Seidel, Amalie (1876–1952)
Seidel, Amalie (1876–1952)
Seidel, Amalie (1876–1952)
Austrian Social Democratic leader who served as a parliamentary delegate (1919–34) and was imprisoned for her beliefs by three different regimes (in 1893, 1934, and 1944). Name variations: Amalie Rausnitz; known as Ly, short for the "Lysistrata of the women workers." Born Amalie Ryba in Vienna, Austria, on February 21, 1876; died in Vienna on May 11, 1952; daughter of Jakob Ryba and Anna (Stach) Ryba; married Richard Seidel, in 1895 (divorced); married Sigmund Rausnitz, in 1934 (died 1942); children: daughters Emma and Olga; one son.
Amalie Seidel, one of the most effective orators and organizers among the leadership of the Austrian Social Democratic Workers Party (Sozialdemokratische Arbeiterpartei Österreichs, or SDAP), was born in Vienna in 1876, the daughter of Jakob and Anna Stach Ryba . At the time of her birth, the laissez-faire credo of industrial capitalism that prevailed in Austria had created inhumane working and living conditions for millions. The plight of women workers was particularly brutal, given the fact that they found themselves subjected to countless incidents of sexual harassment. For men, too, the situation in factories, mills, and workshops was one of unceasing toil in often dangerous and unhealthy conditions for pathetic wages. Seidel was born into an impoverished working-class family; her father, a locksmith and mechanic, was unable to earn a living wage despite long hours of labor. Furthermore, her mother gave birth to such a large number of children—17—that it proved impossible to feed, clothe, or properly care for them. Suffering from malnutrition and living in substandard housing, only Amalie and three other Ryba infants would survive to adulthood.
From her earliest years, Seidel sewed at home to earn a few kreuzer to help support the family. By the time she entered her teens, after eight years of primary education, her schooling ended, and she had no choice but to begin work in a local textile factory, earning a pittance for long hours. Determined to improve her circumstances, in 1892 Seidel became a member of the workers' educational organization (Arbeitebildungsverein) in the Gumpendorf district of Vienna. Although the repressive laws of Austria forbade women from being involved in any form of political organization or engaging in any form of political activity, the appearance of many local Arbeiterbildungsvereine throughout the Habsburg monarchy during these years gave workers, both men and women, the opportunity to expand their educational horizons as well as to develop a political and class consciousness.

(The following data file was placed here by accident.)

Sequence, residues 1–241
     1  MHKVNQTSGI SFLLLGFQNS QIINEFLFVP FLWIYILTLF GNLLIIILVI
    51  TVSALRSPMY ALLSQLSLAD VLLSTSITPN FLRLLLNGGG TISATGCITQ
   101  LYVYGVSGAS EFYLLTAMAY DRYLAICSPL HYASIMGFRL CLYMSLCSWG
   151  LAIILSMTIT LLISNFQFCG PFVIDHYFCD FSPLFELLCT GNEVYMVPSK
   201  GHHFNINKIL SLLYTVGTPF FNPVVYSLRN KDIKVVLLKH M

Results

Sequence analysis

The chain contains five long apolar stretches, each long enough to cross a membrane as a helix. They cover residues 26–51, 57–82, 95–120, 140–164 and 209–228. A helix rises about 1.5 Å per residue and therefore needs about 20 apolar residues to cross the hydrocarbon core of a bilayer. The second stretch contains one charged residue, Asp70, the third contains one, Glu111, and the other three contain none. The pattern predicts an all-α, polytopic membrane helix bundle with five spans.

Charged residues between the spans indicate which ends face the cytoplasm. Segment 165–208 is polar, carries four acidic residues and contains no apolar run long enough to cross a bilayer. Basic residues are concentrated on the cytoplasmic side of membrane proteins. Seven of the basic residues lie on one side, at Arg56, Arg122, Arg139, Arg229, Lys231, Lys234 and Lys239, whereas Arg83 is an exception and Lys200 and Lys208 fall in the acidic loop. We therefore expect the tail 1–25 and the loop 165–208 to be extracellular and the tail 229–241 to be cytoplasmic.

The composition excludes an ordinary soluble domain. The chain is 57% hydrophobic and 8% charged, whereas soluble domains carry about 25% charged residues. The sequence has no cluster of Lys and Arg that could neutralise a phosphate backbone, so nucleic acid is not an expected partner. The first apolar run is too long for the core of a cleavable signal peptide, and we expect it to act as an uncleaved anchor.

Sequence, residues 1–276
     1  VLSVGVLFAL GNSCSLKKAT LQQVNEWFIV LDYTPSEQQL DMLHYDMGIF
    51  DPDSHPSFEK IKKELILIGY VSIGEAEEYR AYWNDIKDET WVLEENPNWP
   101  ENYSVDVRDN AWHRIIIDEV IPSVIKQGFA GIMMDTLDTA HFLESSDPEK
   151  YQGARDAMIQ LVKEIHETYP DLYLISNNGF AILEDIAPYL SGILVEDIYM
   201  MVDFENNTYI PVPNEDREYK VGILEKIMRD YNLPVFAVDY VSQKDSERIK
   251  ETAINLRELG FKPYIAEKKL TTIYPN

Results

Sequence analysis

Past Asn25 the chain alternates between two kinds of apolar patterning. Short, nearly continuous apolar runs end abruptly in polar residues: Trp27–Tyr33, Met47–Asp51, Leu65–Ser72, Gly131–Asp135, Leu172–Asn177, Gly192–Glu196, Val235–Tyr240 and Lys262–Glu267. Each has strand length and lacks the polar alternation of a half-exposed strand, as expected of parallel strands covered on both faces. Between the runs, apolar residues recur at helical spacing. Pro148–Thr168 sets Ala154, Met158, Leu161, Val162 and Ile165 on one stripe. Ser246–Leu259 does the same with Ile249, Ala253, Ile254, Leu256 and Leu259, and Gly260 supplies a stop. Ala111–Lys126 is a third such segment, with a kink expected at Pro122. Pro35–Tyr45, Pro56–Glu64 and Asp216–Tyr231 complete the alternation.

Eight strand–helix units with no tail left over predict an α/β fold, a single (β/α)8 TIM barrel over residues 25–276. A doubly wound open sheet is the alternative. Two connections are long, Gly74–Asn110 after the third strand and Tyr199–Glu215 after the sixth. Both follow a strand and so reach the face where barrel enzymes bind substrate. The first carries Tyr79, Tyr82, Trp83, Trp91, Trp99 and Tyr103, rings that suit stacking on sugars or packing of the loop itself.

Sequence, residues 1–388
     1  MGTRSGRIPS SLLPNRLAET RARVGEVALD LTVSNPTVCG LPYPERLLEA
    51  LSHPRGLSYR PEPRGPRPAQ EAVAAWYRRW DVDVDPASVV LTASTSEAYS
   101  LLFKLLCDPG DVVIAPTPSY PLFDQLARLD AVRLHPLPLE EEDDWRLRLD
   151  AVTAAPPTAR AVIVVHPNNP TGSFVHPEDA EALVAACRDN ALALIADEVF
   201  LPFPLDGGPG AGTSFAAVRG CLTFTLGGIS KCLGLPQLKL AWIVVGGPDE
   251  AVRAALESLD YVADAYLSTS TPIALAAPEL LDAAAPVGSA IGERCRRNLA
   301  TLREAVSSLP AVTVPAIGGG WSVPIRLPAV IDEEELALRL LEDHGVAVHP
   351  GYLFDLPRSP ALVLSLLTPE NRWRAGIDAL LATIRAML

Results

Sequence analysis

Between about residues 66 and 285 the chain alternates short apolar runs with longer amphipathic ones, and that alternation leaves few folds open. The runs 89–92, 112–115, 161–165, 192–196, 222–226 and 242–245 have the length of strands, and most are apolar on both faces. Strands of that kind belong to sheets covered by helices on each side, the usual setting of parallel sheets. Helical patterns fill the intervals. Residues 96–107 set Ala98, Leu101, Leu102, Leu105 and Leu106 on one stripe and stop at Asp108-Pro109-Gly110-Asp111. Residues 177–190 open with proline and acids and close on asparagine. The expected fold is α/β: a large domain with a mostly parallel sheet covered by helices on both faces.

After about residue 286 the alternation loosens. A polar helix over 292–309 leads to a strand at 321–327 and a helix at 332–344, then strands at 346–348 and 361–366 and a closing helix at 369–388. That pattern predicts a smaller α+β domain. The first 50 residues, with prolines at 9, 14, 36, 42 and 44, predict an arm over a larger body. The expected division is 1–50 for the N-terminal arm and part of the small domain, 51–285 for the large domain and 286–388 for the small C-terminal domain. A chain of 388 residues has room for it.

At an October 1893 meeting of working women at which Anna Boschek and Adelheid Dworschak (later Adelheid Popp ) addressed the assembled audience, Seidel made one of her first appearances as an orator. She not only condemned the harsh nature of industrial capitalism, but also demanded for women their full rights as citizens, namely the right to vote:
Starting at age fourteen we have to work in factories, and our labor creates the wealth of our exploiters. If we are mature enough to be exploited at age fourteen, we should certainly be ready and able at the age of twenty to defend our own interests. In any case, we should be able to defend them better than they have been upheld to date by the gentlemen who are currently sitting in our Parliament.
Because of this and other speeches in which she criticized the social order and demanded full political rights for women, she was arrested and placed on trial. By this time, the Vienna police regarded her as a dangerous agitator and social radical due to her leadership of the May 1893 strike of 700 female factory workers, the first successful strike of organized women workers in the nation's history. Among the women's achievements were a significant raise in wages and a lowering of the daily hours of labor to ten. A particularly sweet victory in the strike was that the women would henceforth be able to celebrate their Tag der Arbeit (Day of Labor), annually on May 1, as a holiday with full pay. Found guilty on several charges by a biased court, Seidel was sentenced to three weeks in jail. To humiliate her and break her spirit, she had to serve her time in a cell with 12 other women who were common criminals. Not surprisingly, this repressive measure backfired, serving to only strengthen Seidel's will to continue her efforts on behalf of fellow workers, who began to refer to her simply as the "Lysistrata of women workers," or even as their "Ly."
Seidel's enthusiasm and courage brought her to the attention of the SDAP founder and leader, Victor Adler. He praised her for her oratorical skills, but cautioned her to become better acquainted with history, philosophy, and the writings of Karl Marx. During her imprisonment in February 1894, she used much of her time to read books borrowed from Adler's extensive personal library.